The wee Leprechauns are soon upon us and Sous Chef has historically treated St. Patrick’s Day as something of a religious holiday that demands good (or at least “traditional”) Irish fare.  According to Dublin-born Chef Darren Pettigrew of Heights Tavern, “The joke [about Irish cuisine] is corned beef and cabbage.  You don’t eat corned beef and cabbage in Ireland.”  Sous Chef does not care about the origins of corned beef and cabbage, he simply forbids its presence in our home.  He says it has something to do with Sunday night dinners at the Occidental College dining hall after long weekends of carousing.

Like many others, I assumed corned beef and cabbage to be the quintessential Irish dish and the foundation for any St. Patrick’s meal.  Since it is a forbidden food in our household, I needed to find Irish alternatives from my cornucopia of regional cookbooks.  That is why I grabbed the Avoca Café cookbook off the shelf and, to my surprise, found it has really interesting contemporary recipes.

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Petit Pois and Mint Soup is a perfect example of this new “Irish Food”.  It is light, fresh and vibrant, with a bright green color that reminds Sous Chef of the green beer served at Casey’s Bar on bygone St. Patrick’s Days.  It can be prepared in advance, served warm, cold or room temperature, which makes it a winner in terms of entertaining.  Another great thing:  it can be prepared with fresh or frozen small green peas , and if you have mint available the other ingredients are likely already in your pantry.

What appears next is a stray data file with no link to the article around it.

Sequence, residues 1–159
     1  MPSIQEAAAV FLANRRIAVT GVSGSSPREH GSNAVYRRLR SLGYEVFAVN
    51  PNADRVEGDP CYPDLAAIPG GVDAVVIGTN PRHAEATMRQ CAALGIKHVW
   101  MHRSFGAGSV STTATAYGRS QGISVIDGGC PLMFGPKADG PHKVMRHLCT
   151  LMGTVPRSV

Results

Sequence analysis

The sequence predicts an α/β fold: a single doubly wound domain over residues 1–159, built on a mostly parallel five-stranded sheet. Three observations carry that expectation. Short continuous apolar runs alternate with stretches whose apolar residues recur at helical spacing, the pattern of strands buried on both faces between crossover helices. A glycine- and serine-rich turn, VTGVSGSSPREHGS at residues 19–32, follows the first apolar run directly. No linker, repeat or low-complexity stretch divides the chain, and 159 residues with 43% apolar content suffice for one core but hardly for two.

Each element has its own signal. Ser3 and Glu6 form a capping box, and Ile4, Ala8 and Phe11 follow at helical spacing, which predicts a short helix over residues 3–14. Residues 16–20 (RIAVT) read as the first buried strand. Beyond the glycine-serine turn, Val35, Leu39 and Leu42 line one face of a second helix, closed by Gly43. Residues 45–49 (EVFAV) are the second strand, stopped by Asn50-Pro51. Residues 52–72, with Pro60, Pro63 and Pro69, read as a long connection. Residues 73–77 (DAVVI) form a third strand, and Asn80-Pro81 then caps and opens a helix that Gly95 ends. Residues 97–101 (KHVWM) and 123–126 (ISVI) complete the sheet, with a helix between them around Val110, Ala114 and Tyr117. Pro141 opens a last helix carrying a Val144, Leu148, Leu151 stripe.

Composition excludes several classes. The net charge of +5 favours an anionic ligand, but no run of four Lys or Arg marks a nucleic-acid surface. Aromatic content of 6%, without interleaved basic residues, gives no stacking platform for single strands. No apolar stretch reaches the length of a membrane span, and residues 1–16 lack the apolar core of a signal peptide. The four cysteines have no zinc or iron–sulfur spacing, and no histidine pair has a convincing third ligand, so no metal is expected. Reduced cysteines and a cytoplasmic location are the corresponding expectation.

This St. Patrick’s Day, avoid corned beef and cabbage and try the flavors of New Irish Cooking.  Erin Go Bragh!

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Petit Pois & Mint Soup
Prep time

Cook time

Total time


Recipe type: Appetizer, Soup
Cuisine: Irish
Serves: 6-8

  • 1 onion, peeled and chopped (I used a medium-large size onion)
  • 1 medium potato, peeled and chopped
  • 2 oz butter
  • 4 cups vegetable stock
  • 14 oz frozen or fresh baby/petit peas
  • 1 bunch of mint, finely chopped
  • 1¼ cup of milk

  1. Sweat the onion and potato in the butter over a very low heat for 10 minutes, without coloring. Add the stock, bring to a boil, then cover and simmer for 20 minutes or until the potato is tender. Raise the heat, stir in the peas and simmer for 2 minutes. Remove from the heat, add the mint, and then immediately puree in a blender, adding the cold milk as you do so. Season with salt and pepper. Gently reheat and serve.